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17 February, 2012 - 10:14
Sophia Cheng caught up with David Grossman, CEO of The Grossman Group, to chat about the ever-hot topic of email overload. Expect the email backlash to continue well into 2012.
By Sophia Cheng
In our one-on-one interview, Grossman discusses the effects of overuse of the popular internal communications channel, the best times to use it, and also introduces his 2012 Workplace Diet: how to tackle ineffective communication by breaking issues down and targeting them one by one, month by month.
SC. Common thought is that email overload leads to inefficiency and a loss of time but are there any other drawbacks?
DG: Email distracts people from what is important. In this 24/7 world where we’re bombarded in many cases with information, in order to be effective and productive in the workplace we need to be able to cut through all the clutter and get to what’s important so workers can do the good job that they want to do on behalf of their organisations.
SC: Is there ever an appropriate use of email in internal comms?
DG: Emails are best used when you need to share prescriptive information or details where a written record is important. It works well when you need to direct someone to a source of online information. Or when you need to provide a brief. The best use of email in many cases is as a follow-on to a meeting or phone conversation, when you’ve already had the conversation and you’re summarising what has just been discussed. The beauty is, since it’s a summary, it ends up being brief. In general, email messages are long and complex and hard to wade through.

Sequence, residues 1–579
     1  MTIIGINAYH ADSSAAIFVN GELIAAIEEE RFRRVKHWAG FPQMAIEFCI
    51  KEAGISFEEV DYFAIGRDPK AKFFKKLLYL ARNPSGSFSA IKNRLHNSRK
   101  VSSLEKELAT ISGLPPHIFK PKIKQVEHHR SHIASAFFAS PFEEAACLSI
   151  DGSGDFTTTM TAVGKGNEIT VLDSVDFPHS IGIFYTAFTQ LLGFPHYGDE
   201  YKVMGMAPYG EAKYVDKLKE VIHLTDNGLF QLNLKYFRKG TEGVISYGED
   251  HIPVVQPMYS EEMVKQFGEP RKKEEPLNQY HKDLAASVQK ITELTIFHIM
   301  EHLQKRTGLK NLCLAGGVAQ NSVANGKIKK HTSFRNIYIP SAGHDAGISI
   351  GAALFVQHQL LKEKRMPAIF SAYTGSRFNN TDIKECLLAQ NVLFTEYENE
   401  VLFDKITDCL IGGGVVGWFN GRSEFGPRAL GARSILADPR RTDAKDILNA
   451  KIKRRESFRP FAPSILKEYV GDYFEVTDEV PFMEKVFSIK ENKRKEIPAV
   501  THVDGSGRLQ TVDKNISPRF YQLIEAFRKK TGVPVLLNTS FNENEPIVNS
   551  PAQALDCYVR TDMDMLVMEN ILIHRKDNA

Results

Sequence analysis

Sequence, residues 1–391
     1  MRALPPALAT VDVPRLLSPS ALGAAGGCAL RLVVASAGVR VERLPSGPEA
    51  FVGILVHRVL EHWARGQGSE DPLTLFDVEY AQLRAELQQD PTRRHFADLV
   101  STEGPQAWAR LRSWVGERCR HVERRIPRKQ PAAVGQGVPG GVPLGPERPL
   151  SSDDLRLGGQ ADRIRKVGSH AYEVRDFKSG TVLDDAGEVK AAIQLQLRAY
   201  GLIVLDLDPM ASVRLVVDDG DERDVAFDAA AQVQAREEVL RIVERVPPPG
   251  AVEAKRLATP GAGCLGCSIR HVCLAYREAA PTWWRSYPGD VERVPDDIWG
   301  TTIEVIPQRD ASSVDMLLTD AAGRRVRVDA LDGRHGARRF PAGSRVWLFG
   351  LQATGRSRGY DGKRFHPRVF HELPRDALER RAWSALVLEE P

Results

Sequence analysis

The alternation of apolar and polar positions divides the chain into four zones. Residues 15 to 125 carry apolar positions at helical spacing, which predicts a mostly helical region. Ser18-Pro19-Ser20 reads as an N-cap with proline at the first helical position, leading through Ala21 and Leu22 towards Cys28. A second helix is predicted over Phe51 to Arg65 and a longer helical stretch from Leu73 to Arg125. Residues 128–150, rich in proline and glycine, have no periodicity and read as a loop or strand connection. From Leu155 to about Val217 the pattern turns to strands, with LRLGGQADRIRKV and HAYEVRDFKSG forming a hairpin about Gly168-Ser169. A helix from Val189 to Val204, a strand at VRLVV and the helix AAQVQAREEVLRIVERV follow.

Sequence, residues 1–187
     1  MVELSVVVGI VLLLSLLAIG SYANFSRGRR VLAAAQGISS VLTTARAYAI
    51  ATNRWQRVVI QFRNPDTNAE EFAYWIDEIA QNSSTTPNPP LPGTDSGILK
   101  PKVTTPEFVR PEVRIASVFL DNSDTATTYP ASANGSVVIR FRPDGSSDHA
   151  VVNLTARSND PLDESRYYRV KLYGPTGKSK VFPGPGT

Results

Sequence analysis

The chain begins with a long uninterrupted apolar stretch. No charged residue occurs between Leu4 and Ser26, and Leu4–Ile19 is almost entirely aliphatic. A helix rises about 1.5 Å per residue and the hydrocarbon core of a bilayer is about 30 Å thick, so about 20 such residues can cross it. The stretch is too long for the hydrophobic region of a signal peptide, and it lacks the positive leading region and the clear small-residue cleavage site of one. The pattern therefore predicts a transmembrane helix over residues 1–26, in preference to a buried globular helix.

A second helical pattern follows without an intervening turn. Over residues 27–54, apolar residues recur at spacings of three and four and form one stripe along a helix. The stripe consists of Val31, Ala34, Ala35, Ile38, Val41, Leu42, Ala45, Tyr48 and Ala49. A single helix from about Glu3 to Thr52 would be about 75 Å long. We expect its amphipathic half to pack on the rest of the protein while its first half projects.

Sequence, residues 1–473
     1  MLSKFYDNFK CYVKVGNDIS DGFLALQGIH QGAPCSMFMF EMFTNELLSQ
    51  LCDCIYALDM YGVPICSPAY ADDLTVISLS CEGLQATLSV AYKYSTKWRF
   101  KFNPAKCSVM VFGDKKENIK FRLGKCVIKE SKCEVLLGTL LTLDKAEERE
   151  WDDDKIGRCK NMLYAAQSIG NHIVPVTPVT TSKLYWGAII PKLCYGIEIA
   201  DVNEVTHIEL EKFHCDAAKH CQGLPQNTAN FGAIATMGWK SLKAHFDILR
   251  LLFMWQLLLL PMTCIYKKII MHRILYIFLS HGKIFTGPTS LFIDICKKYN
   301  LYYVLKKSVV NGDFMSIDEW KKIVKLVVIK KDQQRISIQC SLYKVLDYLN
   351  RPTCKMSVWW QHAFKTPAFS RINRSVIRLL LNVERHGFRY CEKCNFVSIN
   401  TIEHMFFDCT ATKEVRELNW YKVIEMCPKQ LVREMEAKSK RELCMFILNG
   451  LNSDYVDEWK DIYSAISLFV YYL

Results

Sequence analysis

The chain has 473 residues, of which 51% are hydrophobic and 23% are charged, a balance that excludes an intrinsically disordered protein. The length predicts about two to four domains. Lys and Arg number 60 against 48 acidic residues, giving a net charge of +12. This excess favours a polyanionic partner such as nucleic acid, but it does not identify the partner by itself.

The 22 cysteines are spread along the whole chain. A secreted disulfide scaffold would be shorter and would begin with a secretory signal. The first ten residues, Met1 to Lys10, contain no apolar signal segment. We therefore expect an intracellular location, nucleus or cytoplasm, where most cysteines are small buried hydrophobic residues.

SC: How does email compare to using the new enterprise social media tools such as Yammer?
DG: The internal social media tools such as Yammer are used best for employees to collaborate their ideas and to receive updates. My experience, in working with clients who are leading globally in the area of communications, says that there is a place for many of the tools in the toolbox; for a tool like Yammer, for face-to-face communications, for email communications. The challenge and opportunity is helping people use these tools effectively, understanding the appropriate messages and situations in which to use each kind of tool. There are different benefits and drawbacks to each.
I believe face-to-face communications is on life support inside so many organisations. We see people hiding behind email, afraid of having tough conversations, so they have them electronically. This leads to really poor use of email and it doesn’t resolve the problem quickly.
On email, conflict escalates faster and lasts longer. Instead of just picking up the phone or walking down the hall our natural instinct is to immediately use instant messaging or email. More thought should be given to when we should be picking up the phone: when it’s a complex conversation, when it’s a tough conversation, and when there are questions or perspectives you need where dialogue is going to be especially critical.